It is a rather disappointing scenario in a number of schools that new to the UK and new to English EAL learners are often placed in bottom sets. There is a number of articles that point to this phenomenon online and offline – this UCL’s Institution of Education one (http://www.ioe.ac.uk/56528.html) is just one of them. Written in 2011, it claims that pupils are routinely placed in low ability sets as their bilingualism, sometimes termed “emergent bilingualism” is confused for special educational needs. Beside the fact that SEN Code of Practice specifically states that “Difficulties related solely to learning English as an additional language are not SEN” (p.85 of the Code), one has to wonder what would happen if we compared the ability status of the same children in the countries from which they had just come. Not all schools in all countries practice such grouping of their pupils; for instance, whilst in countries such as the UK, New Zealand, Israel, Iceland, Russia and Australia this can occur 80% of the time, countries like Greece, Poland and Norway very rarely do (this data is from OECD’s What Makes Schools Successful ). Imagine a Russian student, who used to be in a top set for Mathematics, coming to the UK, being sat in the bottom set. You would have thought they knew their Maths!
This scenario, EAL children excelling in the actual subjects, being still placed in bottom sets because of their language barrier plays out in many many schools. I have seen this happen in Scotland and certainly in many schools in England. Why does it happen? The language barrier issue can clearly cloud the judgement of practitioners – in other words, these children have been reduced to their language barrier only. Nothing else matters anymore. Rather than recognise that top set classes will be richer in higher-level, more academic English language and the new arrivals’ talents and true knowledge will be acknowledged, they are degraded to what is often very low level of Maths, Geography, History or other subjects. What it does to those children’s esteem and self-confidence– let’s not even go there. As children, they might not necessarily be able to fully articulate it, but I am quite certain that they know – or feel – that there are no high expectations of them, and they’ve already been doomed, by their schools, for the life of mediocrity. Already, on their first or second day, they are punished for being who they are.
This goes hand in hand with other EAL-related issues, such as the chronic lack of EAL-sensitive assessment (of any sort) and classifying EAL children as “underachievers” using English standards based on their English native speaking peers. Misty Adoniou in her lecture for NALDIC calls it “unethical”. I agree with that. Equally as unethical is assigning those infamous 4b levels to new EAL arrivals on their entry – mounting unbelievable (impossible) pressure on mainstream teachers to get them to level 5 by the next year.
Now, of course we can and should – and I certainly have – remind schools that putting students into bottom sets on the basis of their language is neither fair nor does them any favours in terms of their language development. But doesn’t it feel a little bit like supporting a beam inside an already collapsing house? It is the concept of ability that is actually dubious.
The concept of ability actually opens doors to putting the children into bottom sets. If ability didn’t pervade almost every aspect of our education system, there would be no question of whether to put the children in bottom sets or not and thus the issue would be effectively removed. There is a wonderful book, by Mandy Swann, Alison Peacock, Susan Hart and Mary Jane Drummond, titled Creating Learning without Limits, which describes a longitudinal research that took place at a primary school where the notion of ability was actively rejected. The approach taken, where all pupils were treated in a non-ability way, turned the school from special measures to outstanding. Children were listened to, children were able to choose work levels themselves without any levels predetermining their capabilities or their worth, they were actively involved in lesson planning with their teacher (increasing their investment in learning). Pairings and groupings occurred not on the basis of attainment or ability, and groupings changed dependent on the nature of activities. Perhaps the most memorable to me is the school’s circle group meetings, which included everybody: teachers, teaching assistants, governors, volunteers and all the children. Hierarchies were removed, and children’s contributions were given equal value to those of anyone else.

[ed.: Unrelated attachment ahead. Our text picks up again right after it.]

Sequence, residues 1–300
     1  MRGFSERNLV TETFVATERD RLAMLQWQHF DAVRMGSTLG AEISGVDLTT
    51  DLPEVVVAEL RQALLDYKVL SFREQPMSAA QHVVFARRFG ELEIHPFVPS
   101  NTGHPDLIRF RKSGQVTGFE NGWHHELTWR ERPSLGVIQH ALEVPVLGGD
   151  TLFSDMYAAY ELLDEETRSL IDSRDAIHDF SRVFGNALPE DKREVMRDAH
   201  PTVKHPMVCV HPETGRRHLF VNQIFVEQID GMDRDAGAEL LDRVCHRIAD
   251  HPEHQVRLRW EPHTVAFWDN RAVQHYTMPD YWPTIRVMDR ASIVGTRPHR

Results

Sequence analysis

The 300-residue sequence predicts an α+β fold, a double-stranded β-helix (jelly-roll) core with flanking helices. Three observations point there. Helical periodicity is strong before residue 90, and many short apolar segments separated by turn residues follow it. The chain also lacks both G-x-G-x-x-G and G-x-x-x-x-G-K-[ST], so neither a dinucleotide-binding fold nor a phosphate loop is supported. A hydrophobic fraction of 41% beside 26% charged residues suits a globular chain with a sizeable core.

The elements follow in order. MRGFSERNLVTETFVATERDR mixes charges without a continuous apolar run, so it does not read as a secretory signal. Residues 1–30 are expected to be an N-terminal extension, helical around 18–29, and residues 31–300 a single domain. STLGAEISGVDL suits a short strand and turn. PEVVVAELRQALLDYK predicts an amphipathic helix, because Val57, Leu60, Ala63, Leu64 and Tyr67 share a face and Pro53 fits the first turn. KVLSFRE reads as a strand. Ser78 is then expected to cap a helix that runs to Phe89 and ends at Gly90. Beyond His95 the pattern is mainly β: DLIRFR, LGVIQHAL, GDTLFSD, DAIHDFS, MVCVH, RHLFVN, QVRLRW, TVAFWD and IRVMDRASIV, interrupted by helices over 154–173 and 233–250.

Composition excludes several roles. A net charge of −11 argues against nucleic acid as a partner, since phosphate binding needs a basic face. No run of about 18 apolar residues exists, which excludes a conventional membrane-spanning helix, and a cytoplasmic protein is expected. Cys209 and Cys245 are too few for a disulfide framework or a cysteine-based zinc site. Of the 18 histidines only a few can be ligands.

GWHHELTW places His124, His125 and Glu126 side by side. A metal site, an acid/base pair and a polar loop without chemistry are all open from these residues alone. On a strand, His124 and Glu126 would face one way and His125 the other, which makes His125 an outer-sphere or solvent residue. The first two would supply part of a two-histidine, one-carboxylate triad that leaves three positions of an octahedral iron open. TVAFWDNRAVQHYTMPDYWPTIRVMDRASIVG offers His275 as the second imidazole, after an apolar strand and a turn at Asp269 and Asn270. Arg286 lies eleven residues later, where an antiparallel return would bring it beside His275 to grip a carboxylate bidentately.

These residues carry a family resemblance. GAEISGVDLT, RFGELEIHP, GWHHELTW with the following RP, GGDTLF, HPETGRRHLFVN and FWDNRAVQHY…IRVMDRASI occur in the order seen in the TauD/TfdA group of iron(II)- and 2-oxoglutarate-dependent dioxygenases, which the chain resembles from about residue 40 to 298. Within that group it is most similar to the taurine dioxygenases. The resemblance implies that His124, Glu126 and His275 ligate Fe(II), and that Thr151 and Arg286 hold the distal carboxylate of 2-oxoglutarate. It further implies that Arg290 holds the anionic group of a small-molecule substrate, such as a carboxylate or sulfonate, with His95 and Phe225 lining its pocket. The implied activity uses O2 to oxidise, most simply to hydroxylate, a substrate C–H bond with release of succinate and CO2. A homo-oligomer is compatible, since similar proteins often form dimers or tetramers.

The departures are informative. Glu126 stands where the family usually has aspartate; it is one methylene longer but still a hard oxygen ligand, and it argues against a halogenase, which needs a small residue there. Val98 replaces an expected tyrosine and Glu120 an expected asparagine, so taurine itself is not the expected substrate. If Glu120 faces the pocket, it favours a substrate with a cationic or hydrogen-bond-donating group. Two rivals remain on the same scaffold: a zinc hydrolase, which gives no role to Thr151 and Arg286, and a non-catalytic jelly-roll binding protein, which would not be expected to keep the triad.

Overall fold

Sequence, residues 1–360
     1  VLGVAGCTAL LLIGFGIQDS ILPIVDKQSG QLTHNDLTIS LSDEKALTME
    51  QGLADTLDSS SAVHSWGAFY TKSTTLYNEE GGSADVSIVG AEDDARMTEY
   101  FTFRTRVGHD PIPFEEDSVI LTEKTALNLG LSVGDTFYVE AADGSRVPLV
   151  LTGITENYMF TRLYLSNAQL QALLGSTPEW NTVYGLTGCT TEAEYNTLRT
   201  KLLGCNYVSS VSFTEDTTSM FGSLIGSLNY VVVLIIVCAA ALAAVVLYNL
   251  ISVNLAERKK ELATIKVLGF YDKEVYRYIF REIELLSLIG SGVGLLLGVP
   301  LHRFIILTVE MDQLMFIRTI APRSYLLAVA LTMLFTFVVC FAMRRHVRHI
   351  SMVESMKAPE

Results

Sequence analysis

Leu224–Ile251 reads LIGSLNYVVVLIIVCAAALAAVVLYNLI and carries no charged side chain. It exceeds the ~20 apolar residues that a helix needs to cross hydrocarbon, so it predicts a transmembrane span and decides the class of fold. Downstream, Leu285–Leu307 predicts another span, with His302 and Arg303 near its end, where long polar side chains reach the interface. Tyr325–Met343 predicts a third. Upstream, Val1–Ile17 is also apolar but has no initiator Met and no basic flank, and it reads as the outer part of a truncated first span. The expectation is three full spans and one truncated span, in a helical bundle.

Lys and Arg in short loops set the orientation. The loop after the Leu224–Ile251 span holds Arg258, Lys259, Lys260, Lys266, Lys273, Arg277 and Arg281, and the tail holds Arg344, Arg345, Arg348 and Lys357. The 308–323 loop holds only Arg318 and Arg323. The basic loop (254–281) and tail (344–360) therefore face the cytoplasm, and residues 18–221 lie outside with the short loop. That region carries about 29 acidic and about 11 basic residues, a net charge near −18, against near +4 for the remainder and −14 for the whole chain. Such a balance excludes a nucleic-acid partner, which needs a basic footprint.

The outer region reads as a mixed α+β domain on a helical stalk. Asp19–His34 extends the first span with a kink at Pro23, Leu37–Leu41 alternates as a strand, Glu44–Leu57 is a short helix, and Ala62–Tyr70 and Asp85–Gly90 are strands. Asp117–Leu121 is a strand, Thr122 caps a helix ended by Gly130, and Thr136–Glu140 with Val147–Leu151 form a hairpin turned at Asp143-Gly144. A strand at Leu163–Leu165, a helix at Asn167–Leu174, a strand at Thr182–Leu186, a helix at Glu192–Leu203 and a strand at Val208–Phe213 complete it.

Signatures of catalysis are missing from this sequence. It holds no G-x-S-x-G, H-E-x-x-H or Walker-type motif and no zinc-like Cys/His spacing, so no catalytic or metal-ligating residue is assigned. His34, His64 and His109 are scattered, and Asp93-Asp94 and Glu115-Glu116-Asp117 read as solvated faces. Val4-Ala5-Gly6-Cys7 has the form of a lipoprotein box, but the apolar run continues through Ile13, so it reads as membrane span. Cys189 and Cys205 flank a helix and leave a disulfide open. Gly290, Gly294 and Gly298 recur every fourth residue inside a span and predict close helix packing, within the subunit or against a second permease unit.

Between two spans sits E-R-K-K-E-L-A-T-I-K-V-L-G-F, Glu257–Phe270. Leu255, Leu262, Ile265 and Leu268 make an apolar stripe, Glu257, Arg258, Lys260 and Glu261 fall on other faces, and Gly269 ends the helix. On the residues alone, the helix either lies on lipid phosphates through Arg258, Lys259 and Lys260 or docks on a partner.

The book, in its very first chapter, critiques the “damaging beliefs about differential ability” (p.1), citing DfES 2005 paper Higher Standards, Better Schools for All as saying “We must make sure that every pupil, gifted or talented, struggling or just average, reaches the limits of their capability.” The authors say that this sentence is deterministic and fatalistic. It has put children into pre-determined categories, that there is a limit to their capabilities, and that being ‘just average’ is not as good as ‘gifted and talented’. High and low ability are thought as fixed, then. Now, ‘gifted and talented’ might be gone in England, but “ability” is definitely still here. Most recent Teachers’ Standards ask this of all teachers: “have a clear understanding of the needs of all pupils, including those with special educational needs; those of high ability; those with English as an additional language; those with disabilities; and be able to use and evaluate distinctive teaching approaches to engage and support them.”
The online teaching communities, blogs and professional educational articles are full of the calls for developing growth mindset. This article is one of many available on the topic. The idea revolves around the notion that intelligence is not fixed, and rightly so!, and one can always be better and improve. Indeed, Carol Dweck, for instance, says the following:
“In a fixed mindset students believe their basic abilities, their intelligence, their talents, are just fixed traits. They have a certain amount and that’s that, and then their goal becomes to look smart all the time. In a growth mindset students understand that their talents and abilities can be developed through effort, good teaching and persistence. They don’t necessarily think everyone’s the same or anyone can be Einstein, but they believe everyone can get smarter if they work at it.”